The Region

About the Securities and Exchange Commission

Published September 1, 2000  | September 2000 issue

  • Following the stock market crash in 1929 and the ensuing Great Depression, Congress passed the Securities Act of 1933 and the Securities Exchange Act of 1934, which resulted in the creation of the SEC in 1934. The primary mission of the SEC was and is today to protect investors and maintain the integrity of the securities markets.

  • President Franklin Delano Roosevelt appointed Joseph P. Kennedy, President John F. Kennedy's father, to serve as the first chairman of the SEC.

  • The SEC requires public companies to disclose meaningful financial and other information to the public.

  • In addition, the SEC oversees other key participants in the securities world, including stock exchanges, broker-dealers, investment advisors, mutual funds and public utility holding companies.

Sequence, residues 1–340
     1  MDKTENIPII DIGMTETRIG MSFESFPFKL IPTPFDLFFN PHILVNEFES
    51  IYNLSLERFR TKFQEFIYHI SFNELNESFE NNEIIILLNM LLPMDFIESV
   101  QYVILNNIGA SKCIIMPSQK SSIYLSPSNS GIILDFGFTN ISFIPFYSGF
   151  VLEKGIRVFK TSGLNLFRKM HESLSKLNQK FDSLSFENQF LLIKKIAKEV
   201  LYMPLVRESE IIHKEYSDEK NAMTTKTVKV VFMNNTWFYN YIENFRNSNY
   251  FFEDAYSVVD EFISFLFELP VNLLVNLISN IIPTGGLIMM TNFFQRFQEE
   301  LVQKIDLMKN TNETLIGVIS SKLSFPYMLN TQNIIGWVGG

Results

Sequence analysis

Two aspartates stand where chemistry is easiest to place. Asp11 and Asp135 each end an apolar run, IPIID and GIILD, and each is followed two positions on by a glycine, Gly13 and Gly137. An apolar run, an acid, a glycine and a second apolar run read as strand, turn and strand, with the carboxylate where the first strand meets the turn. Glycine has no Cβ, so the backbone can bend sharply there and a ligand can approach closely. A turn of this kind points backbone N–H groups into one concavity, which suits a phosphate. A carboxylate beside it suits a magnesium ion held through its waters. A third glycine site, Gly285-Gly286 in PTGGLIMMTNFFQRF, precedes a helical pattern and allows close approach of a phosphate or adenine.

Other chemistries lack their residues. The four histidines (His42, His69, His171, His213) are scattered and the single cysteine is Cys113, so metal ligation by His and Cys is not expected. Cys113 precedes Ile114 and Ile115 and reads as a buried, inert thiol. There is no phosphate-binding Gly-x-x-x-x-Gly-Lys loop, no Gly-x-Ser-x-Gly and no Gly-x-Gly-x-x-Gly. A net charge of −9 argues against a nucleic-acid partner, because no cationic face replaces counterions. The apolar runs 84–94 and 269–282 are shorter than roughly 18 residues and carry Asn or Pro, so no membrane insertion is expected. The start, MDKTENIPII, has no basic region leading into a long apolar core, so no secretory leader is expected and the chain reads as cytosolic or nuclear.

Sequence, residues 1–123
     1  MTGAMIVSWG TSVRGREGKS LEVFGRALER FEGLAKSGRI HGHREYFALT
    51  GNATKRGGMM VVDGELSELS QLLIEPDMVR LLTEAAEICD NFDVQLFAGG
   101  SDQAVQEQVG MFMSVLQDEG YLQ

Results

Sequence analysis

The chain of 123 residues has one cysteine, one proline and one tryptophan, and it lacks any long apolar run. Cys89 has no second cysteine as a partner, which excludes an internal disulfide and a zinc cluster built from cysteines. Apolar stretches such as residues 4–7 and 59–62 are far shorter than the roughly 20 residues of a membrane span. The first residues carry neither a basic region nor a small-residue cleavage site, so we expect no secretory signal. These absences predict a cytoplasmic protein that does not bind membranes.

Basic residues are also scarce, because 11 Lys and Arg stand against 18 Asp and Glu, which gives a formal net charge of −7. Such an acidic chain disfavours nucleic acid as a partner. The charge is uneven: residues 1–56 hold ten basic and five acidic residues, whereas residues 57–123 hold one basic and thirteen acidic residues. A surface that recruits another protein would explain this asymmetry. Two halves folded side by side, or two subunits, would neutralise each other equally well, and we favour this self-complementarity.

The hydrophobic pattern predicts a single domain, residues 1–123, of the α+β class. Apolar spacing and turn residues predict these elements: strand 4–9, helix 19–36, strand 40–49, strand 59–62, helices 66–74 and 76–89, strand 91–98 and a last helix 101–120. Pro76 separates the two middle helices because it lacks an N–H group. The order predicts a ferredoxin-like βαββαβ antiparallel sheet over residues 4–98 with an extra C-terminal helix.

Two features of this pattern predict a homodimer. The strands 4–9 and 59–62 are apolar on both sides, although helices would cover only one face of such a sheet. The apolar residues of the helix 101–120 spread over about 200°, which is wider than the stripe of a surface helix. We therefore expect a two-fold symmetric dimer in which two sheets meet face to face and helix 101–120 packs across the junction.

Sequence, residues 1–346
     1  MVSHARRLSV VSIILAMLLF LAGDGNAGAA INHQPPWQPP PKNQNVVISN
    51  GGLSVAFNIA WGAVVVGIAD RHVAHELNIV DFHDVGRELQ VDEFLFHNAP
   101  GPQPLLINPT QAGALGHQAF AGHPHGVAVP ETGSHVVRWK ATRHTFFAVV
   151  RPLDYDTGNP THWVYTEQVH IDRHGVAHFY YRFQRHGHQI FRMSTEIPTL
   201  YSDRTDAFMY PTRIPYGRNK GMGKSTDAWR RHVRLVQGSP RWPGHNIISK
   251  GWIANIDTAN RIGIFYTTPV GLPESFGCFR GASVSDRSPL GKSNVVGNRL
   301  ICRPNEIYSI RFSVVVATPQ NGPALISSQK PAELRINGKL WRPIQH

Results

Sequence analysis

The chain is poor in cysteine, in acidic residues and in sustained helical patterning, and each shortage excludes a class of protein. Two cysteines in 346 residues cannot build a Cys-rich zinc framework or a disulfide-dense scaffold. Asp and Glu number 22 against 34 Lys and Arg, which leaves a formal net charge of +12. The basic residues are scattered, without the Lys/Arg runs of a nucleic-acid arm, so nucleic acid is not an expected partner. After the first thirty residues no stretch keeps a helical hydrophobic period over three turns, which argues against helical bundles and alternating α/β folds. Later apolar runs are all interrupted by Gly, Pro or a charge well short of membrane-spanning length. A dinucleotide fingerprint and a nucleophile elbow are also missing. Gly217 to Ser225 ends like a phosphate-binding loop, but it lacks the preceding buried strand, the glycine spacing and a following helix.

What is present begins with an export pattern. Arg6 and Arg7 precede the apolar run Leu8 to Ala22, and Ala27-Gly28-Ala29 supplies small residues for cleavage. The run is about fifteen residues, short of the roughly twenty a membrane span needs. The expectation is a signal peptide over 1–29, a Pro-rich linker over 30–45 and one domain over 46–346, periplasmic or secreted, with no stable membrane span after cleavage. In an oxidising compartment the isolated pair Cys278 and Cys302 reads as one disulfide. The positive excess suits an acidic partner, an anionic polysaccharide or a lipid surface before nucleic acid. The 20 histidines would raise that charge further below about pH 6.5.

• The SEC is working with the Federal Reserve System, the Office of the Comptroller of the Currency and a private sector working group to develop options for improving public disclosure of financial information by banking and securities organizations, following passage of the Gramm-Leach-Bliley Financial Services Modernization Act.

  • The SEC is comprised of five commissioners appointed by the president, four divisions and 18 offices. Commissioners' terms last five years and are staggered so that one commissioner's term ends on June 5 of each year. To ensure that the commission remains nonpartisan, no more than three commissioners may belong to the same political party. The president also designates one commissioner as chairman, the SEC's top executive.

  • Staff: 2,900 at the Washington, D.C., headquarters and in 11 regional and district offices throughout the country.

Find more information on the SEC at To search the EDGAR database of disclosure documents public companies are required to file with the SEC, go to:

Return to Chairman Levitt interview.